Impacts of ‘Science and Technology Basic Act’ on National Universities in Taiwan

Impacts of ‘Science and Technology Basic Act’ on National Universities in Taiwan


Impacts of ‘Science and Technology Basic Act’ on National Universities in Taiwan
Shun-Liang Hsu, Chia-Tien Wu
Science and Technology Basic Act, Bayh-Dole Act, National Property, Public Servant, March-in Rights
Along with the rise of global knowledge-based economy, the government of
Taiwan has laid much emphasis on the development of science and technology.
Although there are relevant Articles addressing this issue in Constitution, it seems
that the regulatory framework is still abstract. To follow the footstep of ‘Bayh-Dole
Act’ in the United States, Taiwan promulgate ‘Science and Technology Basic Act’
in 1999. Subsequent amendments were done in 2003 and 2005 respectively. In
2011, the law has gone through another major modification, which obliges the government
to raise annual budget for science and technology development, to provide
substantial supports in human resources as well as infrastructure improvement, and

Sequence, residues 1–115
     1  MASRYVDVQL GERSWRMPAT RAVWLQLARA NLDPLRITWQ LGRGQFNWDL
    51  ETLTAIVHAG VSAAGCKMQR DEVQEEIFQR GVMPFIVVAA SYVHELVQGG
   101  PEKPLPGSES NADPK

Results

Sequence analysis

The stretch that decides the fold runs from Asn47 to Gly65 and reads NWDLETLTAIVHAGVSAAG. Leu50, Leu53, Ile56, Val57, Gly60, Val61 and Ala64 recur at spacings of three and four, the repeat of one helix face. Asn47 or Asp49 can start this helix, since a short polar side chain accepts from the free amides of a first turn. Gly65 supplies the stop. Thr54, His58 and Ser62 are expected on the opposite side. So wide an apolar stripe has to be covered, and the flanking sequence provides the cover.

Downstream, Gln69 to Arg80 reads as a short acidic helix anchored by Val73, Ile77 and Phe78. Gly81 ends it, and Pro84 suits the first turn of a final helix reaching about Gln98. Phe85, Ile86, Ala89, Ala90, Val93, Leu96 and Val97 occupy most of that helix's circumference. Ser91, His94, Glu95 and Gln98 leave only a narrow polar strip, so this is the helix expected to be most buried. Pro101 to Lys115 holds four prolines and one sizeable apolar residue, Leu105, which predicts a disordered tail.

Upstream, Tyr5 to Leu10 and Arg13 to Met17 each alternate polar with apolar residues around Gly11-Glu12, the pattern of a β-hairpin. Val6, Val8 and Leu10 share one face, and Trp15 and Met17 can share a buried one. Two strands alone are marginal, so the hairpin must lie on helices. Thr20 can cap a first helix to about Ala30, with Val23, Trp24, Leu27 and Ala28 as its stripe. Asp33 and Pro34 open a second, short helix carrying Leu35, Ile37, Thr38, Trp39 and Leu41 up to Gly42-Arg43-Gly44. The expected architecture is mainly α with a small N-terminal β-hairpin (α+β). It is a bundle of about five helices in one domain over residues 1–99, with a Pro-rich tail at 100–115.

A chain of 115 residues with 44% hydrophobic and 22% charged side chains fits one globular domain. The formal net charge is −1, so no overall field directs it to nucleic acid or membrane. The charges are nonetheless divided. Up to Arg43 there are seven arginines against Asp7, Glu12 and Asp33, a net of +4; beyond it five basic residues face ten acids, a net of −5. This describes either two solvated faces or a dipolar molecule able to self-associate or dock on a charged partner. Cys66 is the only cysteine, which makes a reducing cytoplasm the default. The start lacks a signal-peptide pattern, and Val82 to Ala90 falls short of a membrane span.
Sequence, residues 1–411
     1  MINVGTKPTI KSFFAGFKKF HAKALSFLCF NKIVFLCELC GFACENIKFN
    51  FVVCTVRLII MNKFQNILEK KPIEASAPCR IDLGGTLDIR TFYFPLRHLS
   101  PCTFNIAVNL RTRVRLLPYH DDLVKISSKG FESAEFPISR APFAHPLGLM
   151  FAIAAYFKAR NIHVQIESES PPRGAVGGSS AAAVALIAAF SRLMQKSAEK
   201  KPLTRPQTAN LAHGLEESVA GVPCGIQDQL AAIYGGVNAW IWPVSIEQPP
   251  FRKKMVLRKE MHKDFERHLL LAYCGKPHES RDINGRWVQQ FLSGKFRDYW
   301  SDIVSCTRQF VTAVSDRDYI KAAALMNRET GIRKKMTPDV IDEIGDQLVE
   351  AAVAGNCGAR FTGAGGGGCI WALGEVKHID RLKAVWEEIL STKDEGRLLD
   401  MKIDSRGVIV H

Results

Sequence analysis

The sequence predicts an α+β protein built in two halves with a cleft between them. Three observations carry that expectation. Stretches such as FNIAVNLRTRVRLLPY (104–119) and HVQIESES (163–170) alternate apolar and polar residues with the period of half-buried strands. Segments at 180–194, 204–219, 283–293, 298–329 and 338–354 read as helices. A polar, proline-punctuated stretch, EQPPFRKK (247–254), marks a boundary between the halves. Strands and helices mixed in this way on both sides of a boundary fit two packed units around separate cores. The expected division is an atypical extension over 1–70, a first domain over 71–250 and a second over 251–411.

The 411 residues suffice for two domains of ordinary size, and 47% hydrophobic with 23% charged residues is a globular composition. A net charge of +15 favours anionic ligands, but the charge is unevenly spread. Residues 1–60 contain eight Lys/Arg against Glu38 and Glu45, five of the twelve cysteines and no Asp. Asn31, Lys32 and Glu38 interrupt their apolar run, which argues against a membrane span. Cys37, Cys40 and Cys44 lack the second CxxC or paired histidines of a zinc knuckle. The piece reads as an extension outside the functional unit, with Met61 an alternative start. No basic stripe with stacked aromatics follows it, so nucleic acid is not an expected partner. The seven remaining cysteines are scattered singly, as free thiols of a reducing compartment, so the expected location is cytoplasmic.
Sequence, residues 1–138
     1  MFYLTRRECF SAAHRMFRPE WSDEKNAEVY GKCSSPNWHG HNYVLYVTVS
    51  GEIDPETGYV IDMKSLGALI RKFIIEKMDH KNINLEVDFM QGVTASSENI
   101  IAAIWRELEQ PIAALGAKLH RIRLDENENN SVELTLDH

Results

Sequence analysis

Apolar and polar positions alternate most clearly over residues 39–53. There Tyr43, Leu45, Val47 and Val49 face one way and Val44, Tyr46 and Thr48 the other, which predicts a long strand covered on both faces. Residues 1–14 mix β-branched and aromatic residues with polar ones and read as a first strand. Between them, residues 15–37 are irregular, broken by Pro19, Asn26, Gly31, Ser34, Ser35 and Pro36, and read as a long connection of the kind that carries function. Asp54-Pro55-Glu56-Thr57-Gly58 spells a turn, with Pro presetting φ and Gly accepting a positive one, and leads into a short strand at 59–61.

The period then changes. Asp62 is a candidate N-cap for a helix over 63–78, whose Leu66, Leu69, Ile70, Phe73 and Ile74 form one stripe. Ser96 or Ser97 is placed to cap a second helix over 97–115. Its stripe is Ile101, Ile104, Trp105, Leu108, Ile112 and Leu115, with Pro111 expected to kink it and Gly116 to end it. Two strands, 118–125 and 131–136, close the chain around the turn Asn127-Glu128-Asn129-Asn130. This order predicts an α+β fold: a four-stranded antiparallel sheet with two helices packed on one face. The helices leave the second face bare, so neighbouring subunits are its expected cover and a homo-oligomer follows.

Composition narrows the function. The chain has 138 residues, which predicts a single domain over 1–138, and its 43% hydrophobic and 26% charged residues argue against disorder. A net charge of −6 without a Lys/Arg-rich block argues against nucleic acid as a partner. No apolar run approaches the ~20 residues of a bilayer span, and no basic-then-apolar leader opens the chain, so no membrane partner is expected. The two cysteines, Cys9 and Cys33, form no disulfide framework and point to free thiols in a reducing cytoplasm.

to waive the research results from national property regulation. In addition, the establishment
of an ad hoc research fund for Academia Sinica was consented. All
these relaxations in law help create room for more research and development freedom.
Nonetheless, detailed bylaws making does not catch up accordingly. As a result, either public servants in national research organizations or national university
teachers are still subject to the old restraints. Moreover, relaxations in law also attract
the attentions of patent trolls as an easy access for them to try to take advantage
of the research results for generating profits. This paper proposes both shortterm
and long-term solutions to better the current regulatory framework. Detailed
implementation rules with legally binding forces are needed to further define
‘march-in rights’ in terms of scope and procedures. Long-term solution is also suggested
to make a new law to regulate research activities between academia and the
industrial sector.
Abstract Article



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